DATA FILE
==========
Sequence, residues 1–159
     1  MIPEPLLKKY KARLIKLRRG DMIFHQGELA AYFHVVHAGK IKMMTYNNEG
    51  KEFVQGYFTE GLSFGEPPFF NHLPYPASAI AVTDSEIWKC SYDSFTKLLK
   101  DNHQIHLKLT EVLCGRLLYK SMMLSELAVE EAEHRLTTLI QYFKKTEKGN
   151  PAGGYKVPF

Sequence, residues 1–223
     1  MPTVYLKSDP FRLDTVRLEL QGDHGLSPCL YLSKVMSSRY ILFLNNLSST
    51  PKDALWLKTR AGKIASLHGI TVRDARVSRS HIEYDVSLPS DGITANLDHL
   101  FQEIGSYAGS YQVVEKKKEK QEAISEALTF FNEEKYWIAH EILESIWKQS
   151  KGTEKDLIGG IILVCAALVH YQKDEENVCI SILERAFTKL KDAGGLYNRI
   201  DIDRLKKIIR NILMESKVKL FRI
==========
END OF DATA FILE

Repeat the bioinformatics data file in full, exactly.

Sequence, residues 1–159
     1  MIPEPLLKKY KARLIKLRRG DMIFHQGELA AYFHVVHAGK IKMMTYNNEG
    51  KEFVQGYFTE GLSFGEPPFF NHLPYPASAI AVTDSEIWKC SYDSFTKLLK
   101  DNHQIHLKLT EVLCGRLLYK SMMLSELAVE EAEHRLTTLI QYFKKTEKGN
   151  PAGGYKVPF

Sequence, residues 1–223
     1  MPTVYLKSDP FRLDTVRLEL QGDHGLSPCL YLSKVMSSRY ILFLNNLSST
    51  PKDALWLKTR AGKIASLHGI TVRDARVSRS HIEYDVSLPS DGITANLDHL
   101  FQEIGSYAGS YQVVEKKKEK QEAISEALTF FNEEKYWIAH EILESIWKQS
   151  KGTEKDLIGG IILVCAALVH YQKDEENVCI SILERAFTKL KDAGGLYNRI
   201  DIDRLKKIIR NILMESKVKL FRI